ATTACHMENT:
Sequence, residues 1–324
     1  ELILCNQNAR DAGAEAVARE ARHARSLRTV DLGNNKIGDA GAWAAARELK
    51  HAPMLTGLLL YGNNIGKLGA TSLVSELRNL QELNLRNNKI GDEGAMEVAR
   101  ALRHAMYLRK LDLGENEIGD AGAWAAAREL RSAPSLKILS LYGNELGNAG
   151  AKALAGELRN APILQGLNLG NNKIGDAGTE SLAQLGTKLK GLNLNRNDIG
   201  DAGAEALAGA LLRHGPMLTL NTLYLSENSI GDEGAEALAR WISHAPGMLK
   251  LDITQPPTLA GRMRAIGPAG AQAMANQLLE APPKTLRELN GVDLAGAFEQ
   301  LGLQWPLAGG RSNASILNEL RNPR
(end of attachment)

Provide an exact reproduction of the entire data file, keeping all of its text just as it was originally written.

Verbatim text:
Sequence, residues 1–324
     1  ELILCNQNAR DAGAEAVARE ARHARSLRTV DLGNNKIGDA GAWAAARELK
    51  HAPMLTGLLL YGNNIGKLGA TSLVSELRNL QELNLRNNKI GDEGAMEVAR
   101  ALRHAMYLRK LDLGENEIGD AGAWAAAREL RSAPSLKILS LYGNELGNAG
   151  AKALAGELRN APILQGLNLG NNKIGDAGTE SLAQLGTKLK GLNLNRNDIG
   201  DAGAEALAGA LLRHGPMLTL NTLYLSENSI GDEGAEALAR WISHAPGMLK
   251  LDITQPPTLA GRMRAIGPAG AQAMANQLLE APPKTLRELN GVDLAGAFEQ
   301  LGLQWPLAGG RSNASILNEL RNPR